It's a great piece of tech for MOBA-style games, too. I tested out a few different configurations in Smite. Recall got mapped to my back pedal, actives to my left and right. Depending on which god I was playing, I usually mapped the front pedal to open the item store or lay traps. While this probably isn't the ideal configuration for most gamers, it really helped me compensate for my tiny hands. Freeing up my F and G keys from actives allowed me to move my abilities from 1, 2, 3, and 4 to Q, E, R, and F - a much more manageable distance for my short fingers to travel.
Great Response and Lots of Customization
The only complaint I really had about the Stinkyboard was that sometimes the left and right pedals weren't as responsive as the front and back ones. The two side pedals are a bit larger, and oftentimes I'd step on either pedal and receive no response. The larger area made it a lot easier to miss the sweet spot for those two pedals.
But it turned out that Stelulu was thinking way ahead of me on that one. In order to compensate for different kinds of players and play styles, the Stinkyboard offers customization options to adjust for your needs. There are soft, medium, and hard springs included with the board. The tension boxes in the board are completely user-adjustable. Using the included allen wrench, you can easily change out the current springs for a more suitable stiffness. I changed to the soft springs, and my problems with the side pedals improved markedly. I still miss them on occasion, but not nearly as often.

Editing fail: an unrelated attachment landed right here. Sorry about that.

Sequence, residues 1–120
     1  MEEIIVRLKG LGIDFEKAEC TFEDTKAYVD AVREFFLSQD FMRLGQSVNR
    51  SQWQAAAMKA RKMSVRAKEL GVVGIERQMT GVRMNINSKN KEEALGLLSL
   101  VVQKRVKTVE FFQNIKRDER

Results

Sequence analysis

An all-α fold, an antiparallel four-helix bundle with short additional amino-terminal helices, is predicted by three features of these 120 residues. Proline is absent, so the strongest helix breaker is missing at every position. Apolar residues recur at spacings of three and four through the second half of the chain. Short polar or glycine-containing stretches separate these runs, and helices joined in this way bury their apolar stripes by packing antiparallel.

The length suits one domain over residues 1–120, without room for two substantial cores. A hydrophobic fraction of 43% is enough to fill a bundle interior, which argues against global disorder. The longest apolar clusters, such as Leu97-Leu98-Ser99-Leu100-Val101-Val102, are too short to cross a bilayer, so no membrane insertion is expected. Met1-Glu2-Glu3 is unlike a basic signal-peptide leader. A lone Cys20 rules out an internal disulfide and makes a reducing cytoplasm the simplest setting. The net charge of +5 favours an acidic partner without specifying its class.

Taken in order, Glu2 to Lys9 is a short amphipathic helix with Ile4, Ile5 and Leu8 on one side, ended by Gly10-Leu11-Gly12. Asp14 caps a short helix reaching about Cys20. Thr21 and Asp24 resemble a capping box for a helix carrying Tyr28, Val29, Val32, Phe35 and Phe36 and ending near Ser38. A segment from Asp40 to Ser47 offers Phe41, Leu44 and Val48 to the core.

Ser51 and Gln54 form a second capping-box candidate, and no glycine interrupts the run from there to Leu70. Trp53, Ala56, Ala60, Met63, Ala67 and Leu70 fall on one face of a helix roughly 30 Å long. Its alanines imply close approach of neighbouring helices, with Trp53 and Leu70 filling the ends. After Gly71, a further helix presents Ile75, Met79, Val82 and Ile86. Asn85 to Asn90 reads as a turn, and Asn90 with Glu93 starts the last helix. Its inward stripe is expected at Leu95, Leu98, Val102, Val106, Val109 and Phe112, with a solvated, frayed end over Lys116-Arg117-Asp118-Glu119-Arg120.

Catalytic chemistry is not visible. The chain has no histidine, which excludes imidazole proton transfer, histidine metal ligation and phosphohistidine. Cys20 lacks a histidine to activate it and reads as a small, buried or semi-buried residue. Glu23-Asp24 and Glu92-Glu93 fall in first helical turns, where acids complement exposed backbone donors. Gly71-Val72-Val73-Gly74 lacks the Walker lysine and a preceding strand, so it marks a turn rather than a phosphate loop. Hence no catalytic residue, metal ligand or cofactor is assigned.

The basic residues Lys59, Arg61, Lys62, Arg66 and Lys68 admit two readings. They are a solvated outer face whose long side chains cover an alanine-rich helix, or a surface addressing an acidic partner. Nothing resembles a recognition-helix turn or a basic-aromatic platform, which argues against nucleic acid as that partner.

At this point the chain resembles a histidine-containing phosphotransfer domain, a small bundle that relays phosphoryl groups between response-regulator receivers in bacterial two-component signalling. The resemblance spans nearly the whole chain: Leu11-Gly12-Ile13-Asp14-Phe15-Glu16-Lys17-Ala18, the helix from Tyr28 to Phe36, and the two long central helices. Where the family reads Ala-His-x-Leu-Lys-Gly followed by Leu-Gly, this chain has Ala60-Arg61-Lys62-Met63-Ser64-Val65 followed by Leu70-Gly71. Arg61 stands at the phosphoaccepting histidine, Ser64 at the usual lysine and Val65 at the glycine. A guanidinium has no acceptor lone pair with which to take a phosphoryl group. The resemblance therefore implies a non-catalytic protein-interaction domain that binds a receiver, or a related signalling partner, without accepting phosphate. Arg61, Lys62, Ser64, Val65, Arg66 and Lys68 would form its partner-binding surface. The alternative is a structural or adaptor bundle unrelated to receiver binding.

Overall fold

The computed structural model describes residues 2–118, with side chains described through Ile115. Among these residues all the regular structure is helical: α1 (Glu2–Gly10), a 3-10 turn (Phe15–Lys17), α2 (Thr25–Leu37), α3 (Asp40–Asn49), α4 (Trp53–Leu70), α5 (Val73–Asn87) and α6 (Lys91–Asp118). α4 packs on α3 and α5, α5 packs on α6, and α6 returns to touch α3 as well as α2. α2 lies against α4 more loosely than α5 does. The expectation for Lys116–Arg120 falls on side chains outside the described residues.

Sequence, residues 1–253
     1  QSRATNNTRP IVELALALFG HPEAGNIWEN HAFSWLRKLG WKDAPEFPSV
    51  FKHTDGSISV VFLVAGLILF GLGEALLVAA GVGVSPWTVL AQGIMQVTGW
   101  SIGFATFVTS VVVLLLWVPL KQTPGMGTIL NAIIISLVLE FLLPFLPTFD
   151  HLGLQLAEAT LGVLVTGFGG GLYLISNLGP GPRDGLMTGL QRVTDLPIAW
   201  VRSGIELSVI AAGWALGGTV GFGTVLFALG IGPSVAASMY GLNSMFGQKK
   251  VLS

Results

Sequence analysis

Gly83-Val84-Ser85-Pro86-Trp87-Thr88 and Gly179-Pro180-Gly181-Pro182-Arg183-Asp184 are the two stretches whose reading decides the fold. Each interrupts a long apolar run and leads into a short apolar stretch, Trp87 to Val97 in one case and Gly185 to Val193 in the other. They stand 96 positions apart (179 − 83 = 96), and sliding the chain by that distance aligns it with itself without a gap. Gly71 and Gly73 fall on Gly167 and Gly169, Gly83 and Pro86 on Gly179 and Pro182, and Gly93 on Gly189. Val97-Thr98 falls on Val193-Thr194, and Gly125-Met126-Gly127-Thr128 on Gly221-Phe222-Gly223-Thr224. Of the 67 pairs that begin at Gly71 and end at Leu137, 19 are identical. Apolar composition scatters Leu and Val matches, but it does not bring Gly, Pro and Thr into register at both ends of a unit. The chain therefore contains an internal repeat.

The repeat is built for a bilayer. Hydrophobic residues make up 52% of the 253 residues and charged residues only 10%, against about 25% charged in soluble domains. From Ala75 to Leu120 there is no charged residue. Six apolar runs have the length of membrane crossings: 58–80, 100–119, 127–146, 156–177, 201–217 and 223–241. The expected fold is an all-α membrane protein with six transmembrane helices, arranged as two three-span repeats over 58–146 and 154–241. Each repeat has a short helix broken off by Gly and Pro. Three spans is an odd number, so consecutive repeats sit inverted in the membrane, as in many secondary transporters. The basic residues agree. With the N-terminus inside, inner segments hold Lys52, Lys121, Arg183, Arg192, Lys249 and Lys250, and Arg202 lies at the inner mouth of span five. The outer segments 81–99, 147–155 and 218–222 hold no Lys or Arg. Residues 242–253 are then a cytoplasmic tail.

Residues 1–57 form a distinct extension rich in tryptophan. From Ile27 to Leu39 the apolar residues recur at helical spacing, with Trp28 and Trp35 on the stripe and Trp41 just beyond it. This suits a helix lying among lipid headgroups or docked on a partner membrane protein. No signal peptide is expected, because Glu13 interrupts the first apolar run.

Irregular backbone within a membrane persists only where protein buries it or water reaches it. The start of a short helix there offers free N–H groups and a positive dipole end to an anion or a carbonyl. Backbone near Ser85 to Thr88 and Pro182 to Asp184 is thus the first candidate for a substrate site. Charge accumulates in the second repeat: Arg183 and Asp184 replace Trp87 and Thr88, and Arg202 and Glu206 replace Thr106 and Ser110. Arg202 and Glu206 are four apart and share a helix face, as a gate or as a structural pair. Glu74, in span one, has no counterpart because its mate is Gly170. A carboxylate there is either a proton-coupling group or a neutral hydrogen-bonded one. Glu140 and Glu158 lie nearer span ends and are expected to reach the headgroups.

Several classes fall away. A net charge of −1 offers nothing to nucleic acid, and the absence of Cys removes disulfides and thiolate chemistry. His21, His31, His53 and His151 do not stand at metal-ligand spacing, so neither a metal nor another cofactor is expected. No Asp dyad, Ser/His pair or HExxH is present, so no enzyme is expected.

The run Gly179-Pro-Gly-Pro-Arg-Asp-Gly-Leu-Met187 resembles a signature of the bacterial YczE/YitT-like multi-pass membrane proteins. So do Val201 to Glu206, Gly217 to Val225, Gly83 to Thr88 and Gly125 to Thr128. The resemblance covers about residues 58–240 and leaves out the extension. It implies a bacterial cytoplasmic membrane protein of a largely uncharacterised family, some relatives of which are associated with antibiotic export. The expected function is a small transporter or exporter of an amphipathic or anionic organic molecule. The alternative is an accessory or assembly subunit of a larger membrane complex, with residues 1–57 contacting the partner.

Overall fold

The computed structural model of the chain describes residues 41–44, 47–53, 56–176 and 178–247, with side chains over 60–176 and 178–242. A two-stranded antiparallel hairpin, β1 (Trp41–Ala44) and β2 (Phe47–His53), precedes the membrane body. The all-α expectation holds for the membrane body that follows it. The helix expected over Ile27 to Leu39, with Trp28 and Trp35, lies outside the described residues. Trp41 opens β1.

The board itself is remarkably sturdy, so it can withstand some serious action. After hours of testing, it still looked fresh out of the box.
I can't recommend this thing enough. Once you get all the configuration and tension adjustment done, this thing is a blast to play with. It opens up a lot of new options for control mapping, and it markedly improved my gameplay. Combat got easier and more intuitive, and I felt more involved with my games.
Whether you need the extra accessibility or not, this is a great piece of tech to have on hand. The $99 price tag isn't that bad, either. Definitely worth what you'll be getting out of the board.
Note: Stinkyboard manufacturer, Stelulu, gave GS a board for review purposes.